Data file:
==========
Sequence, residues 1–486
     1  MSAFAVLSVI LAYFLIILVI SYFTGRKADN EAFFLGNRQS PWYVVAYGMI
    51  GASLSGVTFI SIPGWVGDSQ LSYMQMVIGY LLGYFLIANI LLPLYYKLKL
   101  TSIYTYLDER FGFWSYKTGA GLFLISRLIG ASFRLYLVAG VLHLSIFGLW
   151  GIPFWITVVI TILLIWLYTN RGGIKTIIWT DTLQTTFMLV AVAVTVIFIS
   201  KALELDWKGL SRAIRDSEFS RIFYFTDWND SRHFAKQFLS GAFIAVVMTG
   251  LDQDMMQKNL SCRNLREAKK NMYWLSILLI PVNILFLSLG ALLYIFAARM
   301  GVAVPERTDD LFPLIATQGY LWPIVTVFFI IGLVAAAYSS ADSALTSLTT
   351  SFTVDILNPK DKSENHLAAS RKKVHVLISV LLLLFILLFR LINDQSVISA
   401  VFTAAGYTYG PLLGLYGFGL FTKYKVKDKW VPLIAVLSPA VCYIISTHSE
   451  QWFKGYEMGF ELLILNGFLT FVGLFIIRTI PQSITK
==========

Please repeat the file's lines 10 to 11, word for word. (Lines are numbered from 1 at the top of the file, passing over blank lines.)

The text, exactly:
   401  VFTAAGYTYG PLLGLYGFGL FTKYKVKDKW VPLIAVLSPA VCYIISTHSE
   451  QWFKGYEMGF ELLILNGFLT FVGLFIIRTI PQSITK